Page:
Boulle was "the most remarkable of all French cabinetmakers". He was commended to Louis XIV of France, the "Sun King", by Jean-Baptiste Colbert as being "the most skilled craftsman in his profession". Before the fire of 1720 destroyed them, André-Charles Boulle held priceless works of art in the Louvre, including forty-eight drawings by Raphael'. By the mid-18th century there were an increasing number of proposals to create a public gallery, with the art critic La Font de Saint-Yenne publishing, in 1747, a call for a display of the royal collection. On 14 October 1750, Louis XV agreed and sanctioned a display of 96 pieces from the royal collection, mounted in the Galerie royale de peinture of the Luxembourg Palace. A hall was opened by Le Normant de Tournehem and the Marquis de Marigny for public viewing of the Tableaux du Roy on Wednesdays and Saturdays, contained Andrea del Sarto's Charity and works by Raphael. Under Louis XVI, the royal museum idea became policy; the comte d'Angiviller broadened the collection and in 1776 proposed conversion of the Grande Galerie of the Louvre – which contained maps – into the "French Museum".
Many proposals were offered for the Louvre's renovation into a museum. Hence the museum remained incomplete until the French Revolution. During the French Revolution the Louvre was transformed into a public museum. In May 1791, the Assembly declared that the Louvre would be "a place for bringing together monuments of all the sciences and arts". On 10 August 1792, Louis XVI was imprisoned and the royal collection i
Valentin de Boulogne
Valentin de Boulogne, sometimes referred to as Le Valentin, was a French painter in the tenebrist style. Valentin was born in Coulommiers, where he was baptised in the parish of Saint-Denys on 3 January 1591, making 1590 his year of birth; the family name spelled Boullogne and Boulongne, appears to originate from Boulogne-sur-Mer, a city in northern France in the colony of Pas-de-Calais, though the family had dwelt at Coulommiers since at least 1489. His father named Valentin, his uncle Jean were both painters, it can be presumed that Valentin would have first started painting in his father's studio prior to moving to Paris or Fontainebleau, before leaving for Italy. Valentin is recorded in Italy in the stati d'anime for 1620, when he was living in the parish of Santa Maria del Popolo. While studying in Italy under Simon Vouet, Valentin came under the influence of Michelangelo Merisi da Caravaggio and Bartolomeo Manfredi. Caravaggio used anbold, naturalistic style, which emphasized the common humanity of the apostles and martyrs, flattered the aspirations of the Counter-Reformation Church, while his vivid chiaroscuro enhanced both three-dimensionality and drama, as well as evoking the mystery of the faith."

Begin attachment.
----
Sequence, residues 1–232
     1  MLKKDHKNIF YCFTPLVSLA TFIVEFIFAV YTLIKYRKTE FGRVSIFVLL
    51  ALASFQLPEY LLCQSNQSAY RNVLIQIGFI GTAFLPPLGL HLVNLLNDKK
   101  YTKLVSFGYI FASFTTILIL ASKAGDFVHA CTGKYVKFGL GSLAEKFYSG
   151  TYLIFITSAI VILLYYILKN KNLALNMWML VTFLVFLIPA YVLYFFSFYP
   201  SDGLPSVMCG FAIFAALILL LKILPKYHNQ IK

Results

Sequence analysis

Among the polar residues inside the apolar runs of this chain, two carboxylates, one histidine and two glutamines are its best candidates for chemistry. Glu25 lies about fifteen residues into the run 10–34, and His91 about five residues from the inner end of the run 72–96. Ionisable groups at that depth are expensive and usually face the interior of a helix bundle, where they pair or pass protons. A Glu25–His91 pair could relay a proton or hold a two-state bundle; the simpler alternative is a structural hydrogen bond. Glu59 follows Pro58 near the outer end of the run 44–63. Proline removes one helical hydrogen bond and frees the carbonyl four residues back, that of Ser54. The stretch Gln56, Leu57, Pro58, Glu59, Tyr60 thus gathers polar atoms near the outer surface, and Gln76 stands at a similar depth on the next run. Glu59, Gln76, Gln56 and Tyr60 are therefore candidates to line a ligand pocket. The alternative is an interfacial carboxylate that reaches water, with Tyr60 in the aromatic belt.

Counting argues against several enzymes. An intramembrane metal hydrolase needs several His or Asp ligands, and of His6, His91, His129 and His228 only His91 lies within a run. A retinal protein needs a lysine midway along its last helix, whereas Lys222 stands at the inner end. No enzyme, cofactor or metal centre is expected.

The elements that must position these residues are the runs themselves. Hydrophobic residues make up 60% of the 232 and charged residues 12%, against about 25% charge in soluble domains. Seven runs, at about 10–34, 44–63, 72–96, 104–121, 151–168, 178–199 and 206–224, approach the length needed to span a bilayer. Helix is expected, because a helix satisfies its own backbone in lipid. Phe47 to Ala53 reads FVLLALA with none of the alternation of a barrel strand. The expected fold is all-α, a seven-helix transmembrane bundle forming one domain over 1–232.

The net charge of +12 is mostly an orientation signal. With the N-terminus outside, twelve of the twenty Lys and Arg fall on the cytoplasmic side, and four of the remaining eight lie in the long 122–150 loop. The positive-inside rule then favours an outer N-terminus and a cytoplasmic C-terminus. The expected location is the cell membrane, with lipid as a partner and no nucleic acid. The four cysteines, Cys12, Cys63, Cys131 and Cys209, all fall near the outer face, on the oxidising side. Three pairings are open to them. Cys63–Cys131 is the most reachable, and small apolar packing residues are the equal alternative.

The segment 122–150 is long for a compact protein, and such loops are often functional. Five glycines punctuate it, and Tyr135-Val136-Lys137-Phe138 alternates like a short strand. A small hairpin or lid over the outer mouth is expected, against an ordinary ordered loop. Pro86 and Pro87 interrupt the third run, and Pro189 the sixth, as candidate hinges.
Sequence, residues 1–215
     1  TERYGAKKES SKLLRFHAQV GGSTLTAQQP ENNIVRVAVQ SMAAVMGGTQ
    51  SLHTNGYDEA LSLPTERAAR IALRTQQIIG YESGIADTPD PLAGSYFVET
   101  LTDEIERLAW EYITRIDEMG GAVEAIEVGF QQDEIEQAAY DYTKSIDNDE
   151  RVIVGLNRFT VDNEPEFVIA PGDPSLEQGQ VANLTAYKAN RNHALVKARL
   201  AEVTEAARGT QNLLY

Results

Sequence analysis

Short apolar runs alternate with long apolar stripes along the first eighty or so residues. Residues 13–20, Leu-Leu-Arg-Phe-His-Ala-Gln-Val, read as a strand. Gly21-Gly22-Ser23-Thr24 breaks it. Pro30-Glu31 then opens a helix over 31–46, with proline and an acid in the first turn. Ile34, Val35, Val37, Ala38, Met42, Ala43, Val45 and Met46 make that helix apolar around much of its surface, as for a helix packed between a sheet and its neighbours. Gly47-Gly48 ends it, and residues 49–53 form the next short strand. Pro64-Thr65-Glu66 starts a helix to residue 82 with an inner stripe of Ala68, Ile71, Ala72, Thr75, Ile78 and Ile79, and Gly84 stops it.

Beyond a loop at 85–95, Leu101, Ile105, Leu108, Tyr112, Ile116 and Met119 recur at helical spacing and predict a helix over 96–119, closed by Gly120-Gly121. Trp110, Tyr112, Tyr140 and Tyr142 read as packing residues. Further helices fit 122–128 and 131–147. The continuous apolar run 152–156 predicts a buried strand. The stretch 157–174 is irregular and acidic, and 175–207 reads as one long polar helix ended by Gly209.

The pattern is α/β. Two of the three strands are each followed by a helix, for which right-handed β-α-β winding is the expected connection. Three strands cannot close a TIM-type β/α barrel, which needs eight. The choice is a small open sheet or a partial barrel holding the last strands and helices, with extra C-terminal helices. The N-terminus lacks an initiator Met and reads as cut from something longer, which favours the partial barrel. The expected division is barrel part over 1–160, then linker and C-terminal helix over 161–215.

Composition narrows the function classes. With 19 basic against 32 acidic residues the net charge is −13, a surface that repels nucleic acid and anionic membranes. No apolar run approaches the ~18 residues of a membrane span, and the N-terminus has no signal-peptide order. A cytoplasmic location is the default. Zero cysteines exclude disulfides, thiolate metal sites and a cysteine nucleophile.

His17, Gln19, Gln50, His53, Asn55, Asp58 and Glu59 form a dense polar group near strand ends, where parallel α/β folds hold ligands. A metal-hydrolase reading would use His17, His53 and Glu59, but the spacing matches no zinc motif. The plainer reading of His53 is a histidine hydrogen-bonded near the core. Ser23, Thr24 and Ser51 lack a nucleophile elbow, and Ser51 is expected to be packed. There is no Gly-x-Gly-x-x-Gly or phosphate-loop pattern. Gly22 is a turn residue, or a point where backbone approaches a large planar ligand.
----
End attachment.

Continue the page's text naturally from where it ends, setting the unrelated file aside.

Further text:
Caravaggio "followed a militantly realist agenda, rejecting both Mannerism and the classicizing naturalism" and "in the first 30 years of the 17th century his naturalistic ambitions and revolutionary artistic procedures attracted a large following from all over Europe. Manfredi an Italian painter, was known throughout Italy and beyond as Caravaggio's closest follower. In the lit canvases of his period Manfredi adopted a common theme from Caravaggio—the tavern scene featuring ordinary people religious subjects, whose figures are depicted close to the surface of the picture to involve the viewer in the action. While Caravaggio and Manfredi may have influenced the style and themes that became common in Valentin's work, Valentin studied as well under Simon Vouet, considered a leading French painter by contemporaries. Vouet's earliest works exhibit the influence of Caravaggio and deploy dramatic contrasts of light with a restricted palette of blacks and whites. Valentin had success with a type of composition invented by Caravaggio in which fortune tellers, drinkers, or gamblers are grouped around a table.